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Prostitution and The Law

On Friday, the Irish Times published a Letter to the Editor, which was in response to an article called “Former US president urges Ireland to criminalise the buyers of sex” (September 2nd).

It makes for an interesting read, so here's the full letter:

Sir, – 

The letter by Jimmy Carter to the Taoiseach and members of the Oireachtas urging the Government to criminalise the purchaser of sexual services but not the seller is an almost unprecedented intervention in the internal affairs of another country (“Former US president urges Ireland to criminalise the buyers of sex”, September 2nd). The letter says that Ireland should take a lead which would inspire others to follow.

It is highly significant that the letter was written at the prompting of the Immigrant Council of Ireland, which has been relentless in driving the campaign. Mr Carter is known for his book on violence against women globally but hardly for his knowledge of prostitution in Ireland.

The intervention of Mr Carter, though well motivated, is ill judged. Ireland should be allowed to make decisions on its own laws without outside interference, which is all too common today.

The argument has been repeatedly made that trafficking for sexual purposes and prostitution are two separate things. This country has stringent laws on trafficking and the authorities have reported a decline in numbers of trafficked persons for all purposes from 2010 through to 2012. The further claim that the so-called Swedish model would “prove to be an extremely effective deterrent” is not supported by the evidence.

Indeed two Nordic countries have rejected the Swedish model after extensive investigation: Denmark in November 2012 and Finland earlier this year. According to the Danish report, “a criminalisation of the purchase of sexual services will most likely not have any actual effects on the reduction of prostitution in Denmark because a ban on the purchase of such services will be extremely difficult for the police to enforce”.

It says further “that the Swedish model may even have negative consequences for the women providing the services due to potential poorer financial conditions for these women and increased stigmatisation”.

Moreover the PSNI in a report to the Stormont Assembly questioned its value also: “Whilst there are many advocates of the Swedish model in the criminalisation of the purchase of sexual services, there is conflicting information available. Recent PSNI experience and investigations in Sweden have highlighted concern that significant levels of trafficking and prostitution still exist despite the introduction of legislation to criminalise the purchase of sexual services”.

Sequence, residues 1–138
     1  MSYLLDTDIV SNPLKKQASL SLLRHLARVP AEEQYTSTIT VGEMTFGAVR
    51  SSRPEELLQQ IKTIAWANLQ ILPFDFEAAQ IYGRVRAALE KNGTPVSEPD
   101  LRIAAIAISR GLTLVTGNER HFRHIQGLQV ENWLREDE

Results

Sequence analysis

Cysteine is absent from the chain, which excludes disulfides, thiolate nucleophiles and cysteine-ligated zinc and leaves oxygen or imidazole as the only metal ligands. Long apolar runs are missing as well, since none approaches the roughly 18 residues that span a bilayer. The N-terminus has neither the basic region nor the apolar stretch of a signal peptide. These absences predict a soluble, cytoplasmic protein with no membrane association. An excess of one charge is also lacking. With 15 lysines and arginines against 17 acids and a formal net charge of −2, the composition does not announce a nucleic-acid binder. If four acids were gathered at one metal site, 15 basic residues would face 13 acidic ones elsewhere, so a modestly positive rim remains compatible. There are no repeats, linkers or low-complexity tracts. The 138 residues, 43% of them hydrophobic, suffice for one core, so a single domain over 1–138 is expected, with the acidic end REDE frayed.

It states baldly, “The majority of prostitution within Northern Ireland is through independent prostitutes who are not trafficked or controlled by organised crime groups”.

The Oireachtas Justice Committee that produced the 2013 report can hardly be said to have been impartial – seven of its 15 members had declared in favour of the Swedish model at the outset of the hearings.

Ultimately this is a debate about freedom – the freedom of consenting adults to make decisions about their private lives, however unpalatable these decisions may be to ideologically driven groups such as the Immigrant Council of Ireland. 

– Yours, etc,

Co Kildare.


It certainly has some good points and the references make for an interesting read, however it seems likely that whatever information is available it's not going to be considered by those pushing for the legislation, who appear to have no real interest in a discussion or review of available data, which may indicate that this legislation is actually harmful to those it sets out to protect ....

Here's a letter from 20th May:

Sir, - 

As academics in Ireland who have been following national and international developments in relation to prostitution regulation, we note that one year has passed since the publication of the report of the Joint Oireachtas Committee on Justice, Defence and Equality that unanimously supported the enactment of laws penalising the purchase of sexual services of another person by means of prostitution, or any request, agreement or attempt to do so. Despite the political consensus on the committee, no progress has been made to implement its recommendations. The report summarises an extended national consultation process, which involved the publication of a consultation paper by the Department of Justice and Equality, followed by a call for written submissions which attracted in excess of 800 responses, an international study visit, a conference and oral hearings at the joint committee.

Even though the committee concluded that it found "persuasive the evidence it has heard on the reduction of demand for prostitution in Sweden since the introduction of the ban on buying sex in 1999", no meaningful action has been taken to progress to the legislative stage. Contrary to the lack of political leadership on this issue in Ireland, other countries are acting decisively. The French National Assembly, the European Parliament, the Council of Europe and an all-party committee of MPs in the UK have all supported targeting demand for prostitution to curb abuse, exploitation and trafficking. Canada, despite a controversial ruling providing a legal basis for prostitution establishments, has now engaged in a national consultation on this issue; some Canadian government ministers oppose a regularised sex "industry". We are calling on the Government and the new Minister for Justice and Equality to target reducing the demand for prostitution as a priority by implementing the recommendations of the Joint Oireachtas Committee on Justice, and adopting the Nordic model. 

- Yours, etc,

Department of Sociology,
Trinity College Dublin;



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